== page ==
Vodafone has sold its 45% stake in Verizon Wireless to US telecoms group Verizon Communications in one of the biggest deals in corporate history.
The $130bn (£84bn) deal was announced by Vodafone after the close of trading on the London Stock Exchange.
The company will return £54bn to its shareholders, of which £22bn will go to shareholders in the UK.
Vodafone will also invest money in its business, with funds earmarked for high speed mobile phone networks.
It said that by 2017 its main five European markets would have almost complete 4G coverage.
Vodafone chief executive Vittorio Colao told BBC News: "We got an offer that we thought was in the interests of our shareholders to accept - at the end of the day it's as simple as that."
The company is launching a £6bn investment plan called Project Spring, which will accelerate the introduction of 4G networks and increase investment in laying fibre optic cables, among other things.
The investments would allow the company to offer much faster broadband services to customers.
Project Spring will also add to Vodafone's high street stores and develop mobile payment services.
Analysts said that the funds would also allow Vodafone to invest in Europe.
"I think Vodafone has looked at its European market and decided it needs to consolidate its business in a number of countries by buying up broadband and cable TV assets to go with its mobile businesses," said Mark Newman, telecoms analyst at consultancy Informa.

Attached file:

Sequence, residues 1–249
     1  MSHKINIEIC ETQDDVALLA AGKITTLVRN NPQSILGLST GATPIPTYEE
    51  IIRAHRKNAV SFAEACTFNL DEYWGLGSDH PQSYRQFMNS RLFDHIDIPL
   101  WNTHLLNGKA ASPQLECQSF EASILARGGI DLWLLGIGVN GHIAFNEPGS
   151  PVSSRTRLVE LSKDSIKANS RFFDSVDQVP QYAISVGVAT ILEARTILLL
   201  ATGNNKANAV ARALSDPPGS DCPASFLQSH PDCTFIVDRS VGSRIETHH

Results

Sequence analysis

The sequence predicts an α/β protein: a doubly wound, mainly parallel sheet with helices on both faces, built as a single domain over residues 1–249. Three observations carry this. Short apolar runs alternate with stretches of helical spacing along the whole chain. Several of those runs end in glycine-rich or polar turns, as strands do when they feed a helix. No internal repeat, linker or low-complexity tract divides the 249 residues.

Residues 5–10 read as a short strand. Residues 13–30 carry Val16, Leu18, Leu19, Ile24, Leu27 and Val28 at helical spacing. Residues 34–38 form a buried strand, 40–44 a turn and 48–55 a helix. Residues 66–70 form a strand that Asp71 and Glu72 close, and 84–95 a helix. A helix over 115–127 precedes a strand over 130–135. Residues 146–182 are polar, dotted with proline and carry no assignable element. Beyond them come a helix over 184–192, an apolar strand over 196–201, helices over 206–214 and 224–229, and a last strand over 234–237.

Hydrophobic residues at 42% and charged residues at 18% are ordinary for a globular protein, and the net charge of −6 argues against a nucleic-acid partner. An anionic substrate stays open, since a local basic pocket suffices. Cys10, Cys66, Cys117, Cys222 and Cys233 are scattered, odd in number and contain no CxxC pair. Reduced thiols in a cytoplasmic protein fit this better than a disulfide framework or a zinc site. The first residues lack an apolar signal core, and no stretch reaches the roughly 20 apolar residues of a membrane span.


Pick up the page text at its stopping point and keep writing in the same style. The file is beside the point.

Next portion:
It is the third biggest corporate transaction, behind Vodafone's 1999 deal to buy Germany's Mannesmann and AOL's purchase of Time Warner in 2000.
Despite the huge size of the deal, it will not generate tax revenue for the UK.
Vodafone says that as the US business is owned by a Dutch holding company, it will not be liable for tax.
However, it will pay $5bn in tax in the United States.
Not paying any tax on the deal may be controversial.
"Everybody is entitled to his or her opinion... but we don't deal with opinions, we deal with rules, and with standard rules and practices and tax practices from any jurisdiction where we operate," Mr Colao said.
"This jurisdiction is the Dutch one but even the UK one has very similar rules - we apply the rules."
Although the deal will not give the UK a direct tax windfall, it could provide a boost for the UK economy in a number of ways.
Vodafone will invest some of the money in developing its business, of which a significant part is in the UK.
Shareholders will receive a payout, which they might choose to spend or invest.
They will also pay tax on the dividends they receive.
BBC Business Editor Robert Peston said: "Possibly it would be wrong to carp and wring hands that Vodafone won't be paying a penny of tax to the British taxman on the tens of billions of pounds of profit it will make from the disposal.
"Because if it had been obliged to pay very substantial tax on the sale, it would have turned down the offer from Verizon Communications - and a windfall for the British economy would have been lost."
Nevertheless, the tax affairs of big companies have been under scrutiny, particularly since it emerged that Google, Starbucks and Amazon had found legal ways to pay relatively little tax on their big operations in the UK.
Margaret Hodge, who questioned executives from those firms as chair of the Public Accounts Committee, told the BBC: "I think we want reassurance that HMRC is doing its darndest to look over this deal in huge detail to make sure that Vodafone, under the existing law, is paying all tax due."
The deal ends a long-running saga, with both Vodafone and Verizon trying to take full control of Verizon Wireless over the years, but having been unable to agree a price.
Vodafone shares rose 3.4% during the day.